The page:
A healthy man who fears coming back “as a vegetable” if revived from a grave injury or illness has ‘do not resuscitate’ tattooed on his chest.
Nigel Thwaites spent £50 ($63) to have his chest tattooed with the message after seeing the poor health condition of his father and after participating in a defibrillator course at his insurance firm.
Watch why he decided to get this tattoo in the video below.
Video credit: Rumble
After taking part in the course, the 52-year-old started believing that his life quality would be extremely bad if he were to be resuscitated following a cardiac arrest or heart attack.
So he decided to have a DNR tattoo on his chest. He also has a tattoo on his right arm which describes his blood type to help medics in case of organ donation.
“I don’t want to run the risk of not having a quality of life,” said the man from Attleborough, Norfolk. “I’ve made a living will and I think the tattoo is one of those things that you hope you never have to use.
“I spent quite a few months contemplating the tattoo and about seven years ago I went to a tattoo shop that had just opened up at the time.
“The tattoo artist was a little taken aback because I don’t think he’d had a request like that before.”
Nigel says he won’t be having any more tattoos. “I didn’t enjoy the pain,” he said. “The arm was alright but the sternum hurt like h*ll so I’m not in a rush to hurry back.
“I’m an organ donor and so that’s why I had my blood group tattooed on my shoulder.
“I paid for the tattoos which everyone told me was expensive but I wouldn’t know – I thought it was alright.”
Speaking of how he came up with the idea of the tattoo, he said: “A number of years ago at work there was a defibrillator course and we all learnt CPR.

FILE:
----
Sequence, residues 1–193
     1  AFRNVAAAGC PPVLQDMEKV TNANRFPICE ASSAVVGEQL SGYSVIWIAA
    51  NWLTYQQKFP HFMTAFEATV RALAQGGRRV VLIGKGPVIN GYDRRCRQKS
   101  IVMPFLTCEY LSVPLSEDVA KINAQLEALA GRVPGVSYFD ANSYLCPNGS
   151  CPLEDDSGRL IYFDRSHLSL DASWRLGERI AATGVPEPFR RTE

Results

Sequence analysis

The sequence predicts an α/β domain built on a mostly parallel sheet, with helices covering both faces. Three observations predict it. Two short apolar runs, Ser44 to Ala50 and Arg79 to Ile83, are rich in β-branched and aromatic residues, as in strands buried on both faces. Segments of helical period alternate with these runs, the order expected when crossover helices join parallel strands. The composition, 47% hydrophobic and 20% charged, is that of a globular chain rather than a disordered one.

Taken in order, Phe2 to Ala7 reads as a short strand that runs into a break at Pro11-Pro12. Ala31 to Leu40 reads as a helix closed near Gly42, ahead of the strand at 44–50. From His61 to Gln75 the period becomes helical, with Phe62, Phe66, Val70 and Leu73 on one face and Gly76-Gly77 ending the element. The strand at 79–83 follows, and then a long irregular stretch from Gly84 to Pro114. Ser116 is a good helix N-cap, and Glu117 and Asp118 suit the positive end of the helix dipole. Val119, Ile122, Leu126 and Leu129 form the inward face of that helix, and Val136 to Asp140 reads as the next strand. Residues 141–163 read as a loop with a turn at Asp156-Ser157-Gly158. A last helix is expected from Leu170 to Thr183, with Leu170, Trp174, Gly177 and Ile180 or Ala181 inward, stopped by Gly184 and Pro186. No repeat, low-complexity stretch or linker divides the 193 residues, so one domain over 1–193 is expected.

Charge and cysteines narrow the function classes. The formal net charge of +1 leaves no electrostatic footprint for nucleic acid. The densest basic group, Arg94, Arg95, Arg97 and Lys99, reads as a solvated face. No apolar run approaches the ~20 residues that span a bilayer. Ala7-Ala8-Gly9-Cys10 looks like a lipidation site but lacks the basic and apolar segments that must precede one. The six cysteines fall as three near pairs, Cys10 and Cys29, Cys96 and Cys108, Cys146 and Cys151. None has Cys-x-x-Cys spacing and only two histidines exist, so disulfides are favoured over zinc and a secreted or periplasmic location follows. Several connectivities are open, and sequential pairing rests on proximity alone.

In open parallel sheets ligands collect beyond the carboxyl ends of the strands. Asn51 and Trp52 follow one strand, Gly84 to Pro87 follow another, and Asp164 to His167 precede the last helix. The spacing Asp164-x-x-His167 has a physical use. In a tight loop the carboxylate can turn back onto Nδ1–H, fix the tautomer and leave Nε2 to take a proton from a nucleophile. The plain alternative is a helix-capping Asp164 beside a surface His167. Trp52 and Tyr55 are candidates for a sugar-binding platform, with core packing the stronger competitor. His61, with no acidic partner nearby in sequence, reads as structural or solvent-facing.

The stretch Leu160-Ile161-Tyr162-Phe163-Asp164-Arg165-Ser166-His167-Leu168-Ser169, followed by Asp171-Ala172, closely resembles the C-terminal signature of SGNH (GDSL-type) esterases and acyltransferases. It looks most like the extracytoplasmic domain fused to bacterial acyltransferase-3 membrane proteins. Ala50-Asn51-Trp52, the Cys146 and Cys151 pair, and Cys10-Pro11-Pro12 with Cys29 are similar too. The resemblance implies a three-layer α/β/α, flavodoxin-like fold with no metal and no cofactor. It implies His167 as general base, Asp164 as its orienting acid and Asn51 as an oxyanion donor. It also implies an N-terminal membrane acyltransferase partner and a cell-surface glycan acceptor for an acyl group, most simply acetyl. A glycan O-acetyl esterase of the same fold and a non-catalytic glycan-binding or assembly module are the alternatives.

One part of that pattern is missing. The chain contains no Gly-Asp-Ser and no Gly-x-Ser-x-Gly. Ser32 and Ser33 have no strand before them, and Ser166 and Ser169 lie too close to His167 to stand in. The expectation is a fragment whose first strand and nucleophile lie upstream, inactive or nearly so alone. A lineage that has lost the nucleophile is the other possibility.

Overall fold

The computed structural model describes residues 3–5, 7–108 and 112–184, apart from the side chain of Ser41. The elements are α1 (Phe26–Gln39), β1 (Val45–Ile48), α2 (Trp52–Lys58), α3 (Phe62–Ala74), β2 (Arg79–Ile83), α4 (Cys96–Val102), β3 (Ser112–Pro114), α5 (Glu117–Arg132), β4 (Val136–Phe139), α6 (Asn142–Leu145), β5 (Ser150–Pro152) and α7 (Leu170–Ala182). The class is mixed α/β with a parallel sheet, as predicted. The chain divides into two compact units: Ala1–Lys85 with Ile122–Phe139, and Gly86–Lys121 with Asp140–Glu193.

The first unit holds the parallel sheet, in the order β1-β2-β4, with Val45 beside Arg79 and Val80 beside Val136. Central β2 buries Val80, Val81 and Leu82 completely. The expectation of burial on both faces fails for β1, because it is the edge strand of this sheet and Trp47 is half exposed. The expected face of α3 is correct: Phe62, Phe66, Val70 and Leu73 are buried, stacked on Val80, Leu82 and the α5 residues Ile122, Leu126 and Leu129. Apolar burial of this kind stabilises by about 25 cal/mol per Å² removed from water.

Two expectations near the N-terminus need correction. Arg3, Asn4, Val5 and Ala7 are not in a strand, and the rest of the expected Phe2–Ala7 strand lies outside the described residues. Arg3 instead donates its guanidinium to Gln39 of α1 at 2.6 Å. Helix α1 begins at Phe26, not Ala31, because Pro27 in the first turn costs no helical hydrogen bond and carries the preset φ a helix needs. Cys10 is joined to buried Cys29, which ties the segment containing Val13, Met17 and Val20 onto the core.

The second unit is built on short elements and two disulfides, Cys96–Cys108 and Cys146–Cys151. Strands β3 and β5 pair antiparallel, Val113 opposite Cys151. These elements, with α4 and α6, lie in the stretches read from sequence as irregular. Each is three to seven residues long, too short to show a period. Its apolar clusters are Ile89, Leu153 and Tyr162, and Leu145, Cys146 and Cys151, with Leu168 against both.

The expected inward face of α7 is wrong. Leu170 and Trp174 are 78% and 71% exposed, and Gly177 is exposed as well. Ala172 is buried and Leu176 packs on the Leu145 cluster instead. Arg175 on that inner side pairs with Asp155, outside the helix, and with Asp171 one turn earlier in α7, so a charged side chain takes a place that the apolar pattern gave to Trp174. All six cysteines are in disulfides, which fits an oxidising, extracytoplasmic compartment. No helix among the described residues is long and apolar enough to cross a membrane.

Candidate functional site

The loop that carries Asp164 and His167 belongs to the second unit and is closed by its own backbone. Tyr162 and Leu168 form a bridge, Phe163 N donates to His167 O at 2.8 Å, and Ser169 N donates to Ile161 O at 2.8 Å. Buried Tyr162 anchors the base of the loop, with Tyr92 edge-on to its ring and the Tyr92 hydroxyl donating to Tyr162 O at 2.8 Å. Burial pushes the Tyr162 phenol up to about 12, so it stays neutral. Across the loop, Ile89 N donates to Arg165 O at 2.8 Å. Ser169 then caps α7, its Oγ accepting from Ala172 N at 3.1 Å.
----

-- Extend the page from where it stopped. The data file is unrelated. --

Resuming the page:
“Anyway they showed us this short video of someone incorrectly applying CPR.
“A lot of people don’t know how to do CPR correctly and what happens is that the brain becomes starved of oxygen which causes a loss of faculties in that person.
“So my decision was that I don’t want to come back as a vegetable and I decided I don’t want to be resuscitated. It’s not just about the quality of life, sometimes it’s about the quality of someone’s death too.”
Nigel’s decision of having DNR tattooed on his chest was impacted by his father’s deteriorating health.
He continued: “My father had Parkinson’s, a motor neuron disease and while it’s not genetic, almost every generation on my father’s side had it.
“I don’t want to put my family through it.
“I want to take away the conflict from my loved ones and I don’t want them wondering what to do if I ever was left in a vegetative state unable to look after myself.”
Even though the illness of his father played a big role in his decision, Nigel says the original idea sprang up in his mind quite a time before.
“I was partially spurred by my father’s ill health but that’s not the whole story,” he said.
“My thought process started a long time ago after hearing a radio four program called ‘We need to talk about death.’
“It’s a controversial topic because no-one likes to face their own mortality, but the reality is that we’re probably going to live a lot longer than our bodies are designed to and so it’s more than likely that we’ll end up in care homes.
“However, people as a society don’t necessarily look after the older side of society as well as we perhaps should do and I want to try and avoid that is possible.”
Highlighting the importance of his decision, he said: “A DNR is something that has to be a considered decision.
“In society there’s a social taboo when it comes to talking about death. People don’t talk about it and so don’t understand it and they forget about the bit where you’re going to suffer at the end.
“You should be able to choose how you die – where’s the benefit in suffering?”
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